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RARE BIRD IN BRITISH COLUMBIA – And in the movie, “The Big Year!”

September 6, 2012

RARE BIRD IN BRITISH COLUMBIA –
And in the movie, “The Big Year!”

A few months ago I wrote about our first out west trip in our “new” Roadtrek camper and the quest to find one of the illusive birds we had been searching for several years – the LeConte’s Thrasher. [See Feb. 6, 2012, “I’ve Got the Bird!”]

An important resource that we always have with us on our birding adventures is phone numbers or internet addresses for rare bird alerts in the states we might be traveling in. A quick call can yield a current report of unusual birds that might be in the area, complete with directions as to how to find the bird. Most birders are anxious to share information, and all we have to do is remember to make the call when we we’re in each different state. And you never know what rare bird will show up, making the trip that much more exciting and memorable.

So in 1998, as we traveled up through Northern California, following the coast towards Seattle and Vancouver, we called the rare bird alert numbers along the way. Nothing earthshaking was being reported until we got into British Columbia. If you have seen the film (or read the book), “The Big Year”, you may remember the rare bird that showed up in the little town of Gibsons, British Columbia.

When we were in Vancouver, Phil called the rare bird phone number, suddenly grabbed a pad and pencil and started writing furiously, eyes open wide. I watched curiously as he wrote down the details of what the bird looked like, and the very complex directions of where we had to go to find it, then looked at me and said, “There’s a Xantus’s Hummingbird in Gibsons!” Whoever heard of a Xantus’s Hummingbird? Not us! It wasn’t even in our bird book. And unless you have a copy of the current sixth edition of the National Geographic Field Guide to the Birds of North America, it’s still not in most bird books! The reason is simple. This bird very rarely steps one foot out of the southern Baja Peninsula in Mexico, where it is endemic. And in the very strong El Nino weird-weather year of 1997, one of them had found her way to Gibsons, British Columbia.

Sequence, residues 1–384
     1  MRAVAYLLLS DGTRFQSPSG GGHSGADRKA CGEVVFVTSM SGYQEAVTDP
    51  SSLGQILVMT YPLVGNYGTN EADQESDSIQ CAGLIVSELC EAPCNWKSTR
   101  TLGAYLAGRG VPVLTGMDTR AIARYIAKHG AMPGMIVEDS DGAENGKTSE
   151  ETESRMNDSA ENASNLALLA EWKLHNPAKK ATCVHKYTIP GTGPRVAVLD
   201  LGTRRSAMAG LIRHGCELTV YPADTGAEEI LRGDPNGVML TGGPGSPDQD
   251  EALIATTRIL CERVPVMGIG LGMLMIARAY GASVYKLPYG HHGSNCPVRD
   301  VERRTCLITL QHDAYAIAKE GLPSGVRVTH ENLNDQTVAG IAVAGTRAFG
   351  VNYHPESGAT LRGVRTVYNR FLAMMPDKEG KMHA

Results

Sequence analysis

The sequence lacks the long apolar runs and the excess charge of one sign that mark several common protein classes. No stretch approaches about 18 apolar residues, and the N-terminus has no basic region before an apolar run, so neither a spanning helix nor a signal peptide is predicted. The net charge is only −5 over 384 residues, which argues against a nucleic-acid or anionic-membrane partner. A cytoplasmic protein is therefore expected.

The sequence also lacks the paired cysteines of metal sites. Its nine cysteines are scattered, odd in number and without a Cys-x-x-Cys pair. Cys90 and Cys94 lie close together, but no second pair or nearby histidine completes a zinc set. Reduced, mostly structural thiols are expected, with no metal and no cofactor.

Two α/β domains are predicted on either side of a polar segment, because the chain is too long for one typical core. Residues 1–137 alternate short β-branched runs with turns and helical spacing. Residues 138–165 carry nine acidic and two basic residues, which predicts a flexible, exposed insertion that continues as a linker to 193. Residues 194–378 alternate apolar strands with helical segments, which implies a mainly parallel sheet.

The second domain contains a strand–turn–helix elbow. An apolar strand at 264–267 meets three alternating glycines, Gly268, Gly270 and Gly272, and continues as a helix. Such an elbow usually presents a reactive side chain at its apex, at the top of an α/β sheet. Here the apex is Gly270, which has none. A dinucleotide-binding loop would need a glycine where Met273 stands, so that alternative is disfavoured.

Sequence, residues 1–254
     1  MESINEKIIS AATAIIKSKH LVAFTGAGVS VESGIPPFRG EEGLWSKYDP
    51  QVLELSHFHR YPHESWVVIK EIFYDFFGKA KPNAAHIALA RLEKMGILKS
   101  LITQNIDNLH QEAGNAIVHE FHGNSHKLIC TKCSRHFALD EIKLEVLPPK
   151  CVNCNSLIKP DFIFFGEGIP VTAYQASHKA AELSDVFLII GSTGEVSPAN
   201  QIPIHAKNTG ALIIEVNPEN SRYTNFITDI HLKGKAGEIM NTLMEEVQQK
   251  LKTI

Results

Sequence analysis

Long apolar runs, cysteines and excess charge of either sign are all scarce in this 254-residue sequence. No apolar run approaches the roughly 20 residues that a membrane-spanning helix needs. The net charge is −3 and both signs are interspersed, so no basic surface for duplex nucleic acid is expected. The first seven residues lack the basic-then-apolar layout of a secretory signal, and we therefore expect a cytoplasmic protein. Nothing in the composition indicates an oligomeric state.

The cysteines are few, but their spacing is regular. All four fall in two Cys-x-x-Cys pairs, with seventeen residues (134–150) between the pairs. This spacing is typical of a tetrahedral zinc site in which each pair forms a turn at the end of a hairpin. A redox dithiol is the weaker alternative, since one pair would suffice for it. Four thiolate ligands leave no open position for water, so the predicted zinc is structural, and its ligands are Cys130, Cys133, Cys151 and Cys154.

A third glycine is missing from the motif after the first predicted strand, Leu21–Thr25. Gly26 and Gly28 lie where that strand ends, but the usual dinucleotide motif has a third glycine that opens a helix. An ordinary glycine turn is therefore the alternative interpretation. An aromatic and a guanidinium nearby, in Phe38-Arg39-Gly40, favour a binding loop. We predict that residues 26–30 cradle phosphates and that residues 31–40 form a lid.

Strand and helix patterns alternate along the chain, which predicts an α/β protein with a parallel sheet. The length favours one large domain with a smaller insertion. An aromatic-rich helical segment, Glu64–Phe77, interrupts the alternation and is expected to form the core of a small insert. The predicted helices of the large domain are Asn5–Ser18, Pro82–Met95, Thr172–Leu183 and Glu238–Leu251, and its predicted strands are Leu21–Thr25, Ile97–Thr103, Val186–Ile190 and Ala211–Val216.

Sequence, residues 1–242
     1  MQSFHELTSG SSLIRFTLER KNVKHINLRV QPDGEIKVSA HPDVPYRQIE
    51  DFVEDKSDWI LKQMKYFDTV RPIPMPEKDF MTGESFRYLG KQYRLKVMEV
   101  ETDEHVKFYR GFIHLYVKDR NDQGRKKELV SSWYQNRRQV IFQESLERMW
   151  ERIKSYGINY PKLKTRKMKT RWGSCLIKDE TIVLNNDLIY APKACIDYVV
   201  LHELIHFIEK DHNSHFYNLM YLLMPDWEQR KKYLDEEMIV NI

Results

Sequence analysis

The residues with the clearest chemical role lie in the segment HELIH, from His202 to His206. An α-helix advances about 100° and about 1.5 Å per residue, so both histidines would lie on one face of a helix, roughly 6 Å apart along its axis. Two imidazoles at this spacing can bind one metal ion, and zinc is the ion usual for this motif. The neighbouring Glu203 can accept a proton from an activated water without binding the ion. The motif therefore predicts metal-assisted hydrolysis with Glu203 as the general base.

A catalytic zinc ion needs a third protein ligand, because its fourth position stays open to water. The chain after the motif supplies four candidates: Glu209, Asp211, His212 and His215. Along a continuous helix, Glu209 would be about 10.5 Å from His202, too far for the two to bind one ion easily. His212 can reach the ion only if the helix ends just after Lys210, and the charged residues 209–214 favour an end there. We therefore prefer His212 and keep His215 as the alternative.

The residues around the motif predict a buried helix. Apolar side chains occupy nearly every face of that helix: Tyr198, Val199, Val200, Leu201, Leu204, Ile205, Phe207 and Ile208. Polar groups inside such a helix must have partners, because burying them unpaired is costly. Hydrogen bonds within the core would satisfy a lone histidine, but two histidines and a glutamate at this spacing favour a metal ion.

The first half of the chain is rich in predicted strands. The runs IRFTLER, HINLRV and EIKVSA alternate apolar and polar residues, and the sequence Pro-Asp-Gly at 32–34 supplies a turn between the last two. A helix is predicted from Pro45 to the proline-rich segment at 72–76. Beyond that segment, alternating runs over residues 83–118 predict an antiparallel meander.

And where was Gibsons? A 45-minute ferry ride northwest of Vancouver. So off we went! We grabbed a quick continental breakfast at our motel, and headed out with directions from the desk clerk about how to find the ferry to Gibsons, a town not reachable by land – even though it is not an island. The mountains come down to the sea, and there are few roads in the area to give access. (Similar to some parts of coastal Alaska.)

We drove through Vancouver on a multi-lane highway and crossed the Fraser River. This is a huge river and Vancouver is actually on a delta, with many islands and a lot of water. Several rivers travel here into the Strait of Georgia – emptying the mountains of glacier and snow melt and rain. It’s really a beautiful area, but, unfortunately, any place where people could build houses and condos up against the mountains, they did. It’s a hugely populated area.

We got to the ferry docks around 8:30 AM, and found long lines of cars, trucks, vans, semi’s, etc. Wow! Had they all found out about the bird, too? We had about an hour’s wait until departure and we were just crossing our fingers that we would get on! And who knew how long the bird would hang around? Or how many other chances we would have to see it? While waiting for the ferry, people got out of their vehicles, milled about, walked their dogs, chatted, bought the morning paper, and we munched on food from our larder, as we had not really had a proper breakfast. We ate Tillamook cheese, a blueberry scone, apples, and cherries. And a couple of cups of tea.